Is there a reason for swapping SCEVs in the call to getMinusSCEV from CollectFixupsAndInitialFormulae (all targets) ?

Hi all,

In LSRInstance::CollectFixupsAndInitialFormulae() implementation, the function getMinusSCEV is called at a particular point as part of the code to replace/normalise 'x == y’ ICmp instructions into 'x - y == 0’. However, what the actual code does is replacing them by ‘y - x == 0’ instead.

This is the excerpt of code in the LSRInstance::CollectFixupsAndInitialFormulae function I am referring to:

// x == y → x - y == 0
const SCEV *N = SE.getSCEV(NV);
if (SE.isLoopInvariant(N, L) && isSafeToExpand(N, SE)) {
// S is normalized, so normalize N before folding it into S
// to keep the result normalized.
N = normalizeForPostIncUse(N, TmpPostIncLoops, SE);
Kind = LSRUse::ICmpZero;
S = SE.getMinusSCEV(N, S); // use instead S = SE.getMinusSCEV(S, N);
}

[ the comment “use instead" after the getMinusSCEV call is mine ]

This apparently unimportant difference has a remarkable effect latter on, when the optimal solution for the loop is computed in LSRInstance::SolveRecurse

In the function LSRInstance::SolveRecurse, given any two loop variants that are found to have the same cost, the first one is always chosen. This implies that the initial formula that was created in LSRInstance::CollectFixupsAndInitialFormulae() is the ones that will prevail by default (given same cost). The point that I want to highlight is that the current implementation of CollectFixupsAndInitialFormulae reverses the SCEVs found in the user source code rather than leaving them as found. This causes the following problem:

Consider the following code (please don’t take into account whether this makes or not something useful, it’s just to show the point) :

int asr_Lowert( int a, unsigned ammount )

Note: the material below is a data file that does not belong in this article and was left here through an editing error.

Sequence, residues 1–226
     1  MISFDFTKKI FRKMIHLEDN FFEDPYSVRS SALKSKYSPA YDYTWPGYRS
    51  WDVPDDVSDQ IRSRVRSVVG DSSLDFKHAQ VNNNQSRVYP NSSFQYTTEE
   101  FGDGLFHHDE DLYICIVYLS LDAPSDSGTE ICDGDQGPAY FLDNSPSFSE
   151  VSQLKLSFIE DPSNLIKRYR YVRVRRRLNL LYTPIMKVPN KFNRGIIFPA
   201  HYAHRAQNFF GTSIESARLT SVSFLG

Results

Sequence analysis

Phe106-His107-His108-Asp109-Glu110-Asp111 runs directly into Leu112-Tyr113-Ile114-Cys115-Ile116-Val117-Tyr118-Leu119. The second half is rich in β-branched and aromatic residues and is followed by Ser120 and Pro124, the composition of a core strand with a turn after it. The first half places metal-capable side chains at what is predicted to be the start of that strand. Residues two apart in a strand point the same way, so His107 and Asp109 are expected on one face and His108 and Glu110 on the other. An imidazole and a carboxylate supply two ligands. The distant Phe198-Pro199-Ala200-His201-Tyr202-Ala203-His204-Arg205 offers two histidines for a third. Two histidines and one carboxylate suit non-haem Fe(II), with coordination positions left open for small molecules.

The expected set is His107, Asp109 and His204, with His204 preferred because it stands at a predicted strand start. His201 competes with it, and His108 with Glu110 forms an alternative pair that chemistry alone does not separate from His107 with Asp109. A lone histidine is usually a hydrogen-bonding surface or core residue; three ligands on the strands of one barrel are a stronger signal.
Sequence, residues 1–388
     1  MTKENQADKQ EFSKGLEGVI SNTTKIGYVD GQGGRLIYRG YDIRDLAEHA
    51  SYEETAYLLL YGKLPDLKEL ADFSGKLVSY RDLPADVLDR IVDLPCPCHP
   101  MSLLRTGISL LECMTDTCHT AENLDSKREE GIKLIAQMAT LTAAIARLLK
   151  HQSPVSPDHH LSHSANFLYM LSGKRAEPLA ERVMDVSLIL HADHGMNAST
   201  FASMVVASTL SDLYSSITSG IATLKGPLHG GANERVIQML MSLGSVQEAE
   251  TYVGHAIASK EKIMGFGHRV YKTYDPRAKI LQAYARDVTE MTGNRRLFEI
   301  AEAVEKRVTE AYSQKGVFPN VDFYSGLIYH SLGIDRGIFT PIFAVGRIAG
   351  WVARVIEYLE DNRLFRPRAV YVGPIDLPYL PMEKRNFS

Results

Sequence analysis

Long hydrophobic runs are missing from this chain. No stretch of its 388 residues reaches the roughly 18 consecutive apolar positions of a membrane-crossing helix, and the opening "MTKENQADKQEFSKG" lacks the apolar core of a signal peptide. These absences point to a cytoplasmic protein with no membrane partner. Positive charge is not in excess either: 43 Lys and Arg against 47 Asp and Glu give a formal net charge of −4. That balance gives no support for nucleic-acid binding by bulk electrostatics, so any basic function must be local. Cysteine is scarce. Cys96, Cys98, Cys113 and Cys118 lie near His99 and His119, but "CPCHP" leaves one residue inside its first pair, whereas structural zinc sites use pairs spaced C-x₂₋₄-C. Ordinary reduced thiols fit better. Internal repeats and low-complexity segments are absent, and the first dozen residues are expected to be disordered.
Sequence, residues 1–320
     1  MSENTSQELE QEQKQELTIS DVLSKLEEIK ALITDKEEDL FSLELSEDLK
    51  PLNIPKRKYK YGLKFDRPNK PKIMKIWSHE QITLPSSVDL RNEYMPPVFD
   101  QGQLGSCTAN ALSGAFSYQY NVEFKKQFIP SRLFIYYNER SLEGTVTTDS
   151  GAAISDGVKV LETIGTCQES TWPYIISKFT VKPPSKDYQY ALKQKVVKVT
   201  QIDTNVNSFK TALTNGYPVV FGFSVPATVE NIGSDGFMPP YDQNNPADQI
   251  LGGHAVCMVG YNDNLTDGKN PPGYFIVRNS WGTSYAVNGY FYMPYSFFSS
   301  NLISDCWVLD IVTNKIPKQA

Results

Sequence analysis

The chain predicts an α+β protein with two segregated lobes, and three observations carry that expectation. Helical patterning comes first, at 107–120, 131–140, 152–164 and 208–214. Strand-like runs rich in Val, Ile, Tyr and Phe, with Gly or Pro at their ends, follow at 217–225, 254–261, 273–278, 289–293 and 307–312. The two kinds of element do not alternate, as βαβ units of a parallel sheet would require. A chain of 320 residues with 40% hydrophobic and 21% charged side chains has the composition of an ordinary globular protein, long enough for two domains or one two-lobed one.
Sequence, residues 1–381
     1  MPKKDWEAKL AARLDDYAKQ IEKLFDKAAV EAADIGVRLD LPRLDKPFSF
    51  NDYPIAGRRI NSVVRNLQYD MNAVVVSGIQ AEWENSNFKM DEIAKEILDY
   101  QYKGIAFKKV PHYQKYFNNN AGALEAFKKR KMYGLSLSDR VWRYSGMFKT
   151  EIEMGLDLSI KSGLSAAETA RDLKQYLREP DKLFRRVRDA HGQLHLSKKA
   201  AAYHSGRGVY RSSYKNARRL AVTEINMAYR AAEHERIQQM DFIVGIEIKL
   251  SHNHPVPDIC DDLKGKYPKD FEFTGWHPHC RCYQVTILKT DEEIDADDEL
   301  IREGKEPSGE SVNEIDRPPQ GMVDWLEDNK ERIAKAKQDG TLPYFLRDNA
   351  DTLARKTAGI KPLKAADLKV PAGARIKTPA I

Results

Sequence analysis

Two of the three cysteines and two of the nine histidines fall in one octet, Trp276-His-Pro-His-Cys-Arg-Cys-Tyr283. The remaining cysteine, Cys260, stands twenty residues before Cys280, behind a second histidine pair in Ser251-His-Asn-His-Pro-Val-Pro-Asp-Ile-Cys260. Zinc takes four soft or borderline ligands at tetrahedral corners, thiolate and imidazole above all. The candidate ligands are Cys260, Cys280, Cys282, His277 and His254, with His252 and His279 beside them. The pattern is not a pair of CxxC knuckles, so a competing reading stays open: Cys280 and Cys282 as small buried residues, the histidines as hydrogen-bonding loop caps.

{
if ( (ammount -= 8) >= 0 )
a = a >> 8;

while ( ammount-- )
a >>= 1;

return a;
}

The interesting part for this discussion is the ‘while’ loop. It gets compiled by Clang like this:

while.cond: ; preds = %while.body, %entry
%a.addr.1 = phi i32 [ %shr, %entry ], [ %shr1, %while.body ]
%ammount.addr.0 = phi i32 [ %sub, %entry ], [ %dec, %while.body ]
%tobool = icmp eq i32 %ammount.addr.0, 0
br i1 %tobool, label %while.end, label %while.body

while.body: ; preds = %while.cond
%dec = add i32 %ammount.addr.0, -1
%shr1 = ashr i32 %a.addr.1, 1
br label %while.cond

Clang mostly follows the source code and produces code that resembles it. It’s important to note is that variable ‘ ammount’ is decremented by 1 on each loop iteration as found on the user source code.

I am going to chose the x86 target because I really want this subject to gain some attention, but please note that this is a general subject that affects ALL targets. So, for the x86, the resultant assembly code is this:

.macosx_version_min 10, 12
.globl _asr_Lowert
_asr_Lowert:
.cfi_startproc
pushl %ebp
.cfi_def_cfa_offset 8
.cfi_offset %ebp, -8
movl %esp, %ebp
.cfi_def_cfa_register %ebp
movl 8(%ebp), %eax
sarl $8, %eax
pushl $8
popl %ecx
subl 12(%ebp), %ecx
jmp LBB0_1
LBB0_2:
sarl %eax
incl %ecx
LBB0_1:
testl %ecx, %ecx
jne LBB0_2
popl %ebp
retl
.cfi_endproc